An agreement with Huawei is harder to call, as the rapidly escalating trade standoff between the US and China is a substantial wildcard. On one hand, Huawei is anxious to gain approval to sell its phones in the American market – something that would be impossible without a Qualcomm IPR license. On the other hand, Huawei’s prowess in 5G was called out as a primary reason to reject Broadcom’s pursuit of Qualcomm in the President’s order – the company and the country may be more reticent to validate Qualcomm’s leadership under those circumstances.

Nonetheless, Qualcomm is the technology leader in 5G. It has the most and the most important patents. It is first to market with a 5G standard compliant modem – a stand-alone part aimed at laptops, tablets and wireless routers – and almost certainly will be first with an integrated part appropriate for smartphones. Historically, Qualcomm has gained market share in its device chips with each generational transition, offering early SoC parts with better performance, lower power demand, and smaller footprint than competitors. This time, Qualcomm will also have RF solutions for the standard, expanding the range of silicon that it can address in each device. 5G will also bring substantial non-smartphone opportunities, enabling new low latency, low power IoT applications.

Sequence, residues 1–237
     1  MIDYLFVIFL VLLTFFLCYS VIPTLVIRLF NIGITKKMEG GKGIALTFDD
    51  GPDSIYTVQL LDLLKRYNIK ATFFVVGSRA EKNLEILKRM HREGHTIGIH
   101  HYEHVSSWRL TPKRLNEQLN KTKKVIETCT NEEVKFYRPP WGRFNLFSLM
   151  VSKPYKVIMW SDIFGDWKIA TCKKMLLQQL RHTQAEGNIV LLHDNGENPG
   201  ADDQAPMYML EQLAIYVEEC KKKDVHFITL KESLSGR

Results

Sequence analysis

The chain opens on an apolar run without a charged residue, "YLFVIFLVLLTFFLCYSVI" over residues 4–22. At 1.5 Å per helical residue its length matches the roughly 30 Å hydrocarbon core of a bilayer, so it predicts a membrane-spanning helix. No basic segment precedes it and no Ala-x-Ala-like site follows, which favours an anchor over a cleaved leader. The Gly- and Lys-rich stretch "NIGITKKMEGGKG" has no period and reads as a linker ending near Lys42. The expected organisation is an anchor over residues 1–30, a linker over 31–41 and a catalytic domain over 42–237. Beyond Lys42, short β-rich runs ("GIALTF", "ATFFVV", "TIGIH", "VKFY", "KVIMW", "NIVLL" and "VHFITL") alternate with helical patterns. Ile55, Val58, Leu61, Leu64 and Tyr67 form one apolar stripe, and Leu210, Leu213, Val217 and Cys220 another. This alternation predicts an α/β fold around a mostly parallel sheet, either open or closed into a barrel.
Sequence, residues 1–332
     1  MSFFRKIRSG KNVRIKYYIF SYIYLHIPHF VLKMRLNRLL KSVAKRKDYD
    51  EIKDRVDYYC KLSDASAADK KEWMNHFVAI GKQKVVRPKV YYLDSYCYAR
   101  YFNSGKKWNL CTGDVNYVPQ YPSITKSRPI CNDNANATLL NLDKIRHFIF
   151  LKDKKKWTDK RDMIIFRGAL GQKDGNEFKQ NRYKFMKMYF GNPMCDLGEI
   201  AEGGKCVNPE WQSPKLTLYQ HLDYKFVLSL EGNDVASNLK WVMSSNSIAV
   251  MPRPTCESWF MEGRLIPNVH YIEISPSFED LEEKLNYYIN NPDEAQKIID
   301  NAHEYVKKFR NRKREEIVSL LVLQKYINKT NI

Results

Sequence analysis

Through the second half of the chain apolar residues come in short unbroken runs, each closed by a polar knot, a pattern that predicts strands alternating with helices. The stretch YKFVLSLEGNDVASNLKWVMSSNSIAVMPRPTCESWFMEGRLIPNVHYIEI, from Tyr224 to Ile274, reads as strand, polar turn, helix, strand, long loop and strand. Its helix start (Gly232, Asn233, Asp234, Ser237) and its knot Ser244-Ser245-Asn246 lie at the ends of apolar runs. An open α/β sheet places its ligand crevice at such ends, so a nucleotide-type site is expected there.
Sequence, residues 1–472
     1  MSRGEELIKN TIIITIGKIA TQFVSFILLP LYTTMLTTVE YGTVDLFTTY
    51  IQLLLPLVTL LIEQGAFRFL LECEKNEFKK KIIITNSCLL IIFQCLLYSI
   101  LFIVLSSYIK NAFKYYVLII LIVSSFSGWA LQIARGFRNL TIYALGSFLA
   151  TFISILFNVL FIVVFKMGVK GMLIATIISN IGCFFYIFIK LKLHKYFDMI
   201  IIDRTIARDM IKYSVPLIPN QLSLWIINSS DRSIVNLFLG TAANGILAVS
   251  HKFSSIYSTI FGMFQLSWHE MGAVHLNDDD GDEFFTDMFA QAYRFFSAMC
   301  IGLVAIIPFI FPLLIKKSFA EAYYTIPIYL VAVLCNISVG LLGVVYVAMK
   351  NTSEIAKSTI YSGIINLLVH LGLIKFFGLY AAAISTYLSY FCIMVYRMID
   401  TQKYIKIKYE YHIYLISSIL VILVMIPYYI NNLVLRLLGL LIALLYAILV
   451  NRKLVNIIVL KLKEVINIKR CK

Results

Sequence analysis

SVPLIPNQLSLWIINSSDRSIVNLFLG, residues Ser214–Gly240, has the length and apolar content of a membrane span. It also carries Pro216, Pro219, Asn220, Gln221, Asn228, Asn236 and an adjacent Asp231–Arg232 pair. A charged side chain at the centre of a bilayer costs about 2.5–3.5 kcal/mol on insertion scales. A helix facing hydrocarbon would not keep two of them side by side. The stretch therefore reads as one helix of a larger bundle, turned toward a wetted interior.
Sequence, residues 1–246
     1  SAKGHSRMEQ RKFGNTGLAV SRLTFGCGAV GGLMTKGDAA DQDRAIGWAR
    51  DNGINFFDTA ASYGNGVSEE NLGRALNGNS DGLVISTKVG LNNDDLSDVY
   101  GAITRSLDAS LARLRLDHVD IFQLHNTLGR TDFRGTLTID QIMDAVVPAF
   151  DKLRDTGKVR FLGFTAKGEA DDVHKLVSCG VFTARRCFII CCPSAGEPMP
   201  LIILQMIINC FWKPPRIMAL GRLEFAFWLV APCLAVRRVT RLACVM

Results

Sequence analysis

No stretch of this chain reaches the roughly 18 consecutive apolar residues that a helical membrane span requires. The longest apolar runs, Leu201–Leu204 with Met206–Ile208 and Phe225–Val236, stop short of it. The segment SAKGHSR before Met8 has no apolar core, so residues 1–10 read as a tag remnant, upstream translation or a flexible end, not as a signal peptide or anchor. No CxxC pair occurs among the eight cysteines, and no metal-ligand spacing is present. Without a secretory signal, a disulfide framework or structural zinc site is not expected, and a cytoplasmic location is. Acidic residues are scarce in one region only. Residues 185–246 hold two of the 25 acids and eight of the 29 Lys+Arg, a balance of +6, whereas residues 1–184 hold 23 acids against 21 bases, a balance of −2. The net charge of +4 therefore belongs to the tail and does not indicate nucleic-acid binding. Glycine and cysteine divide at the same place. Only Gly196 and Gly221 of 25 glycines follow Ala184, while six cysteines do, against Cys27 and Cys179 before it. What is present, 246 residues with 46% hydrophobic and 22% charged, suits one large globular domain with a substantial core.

Qualcomm also has substantial new opportunities beyond wireless. Its processors are in trial at the top cloud hyperscale datacenter platforms, with the potential to displace Intel’s x86 architecture for multiple use cases (http://www.ssrllc.com/publication/hyperscale-semiconductors-processor-diversity-coming-to-the-cloud/). Its potential deal for NXP would help further open the automotive market for Qualcomm’s processor and sensor products.

With Qualcomm shares trading at a significant discount to the market multiple against earnings expectations that do NOT include the likelihood of a resolution to the Apple impasse, we see significant upside to the current price. During the tense negotiations with Broadcom, management asserted that QCOM was worth a considerable premium to the $82/share (later lowered to $79) that was on the table. Now is the time to show why.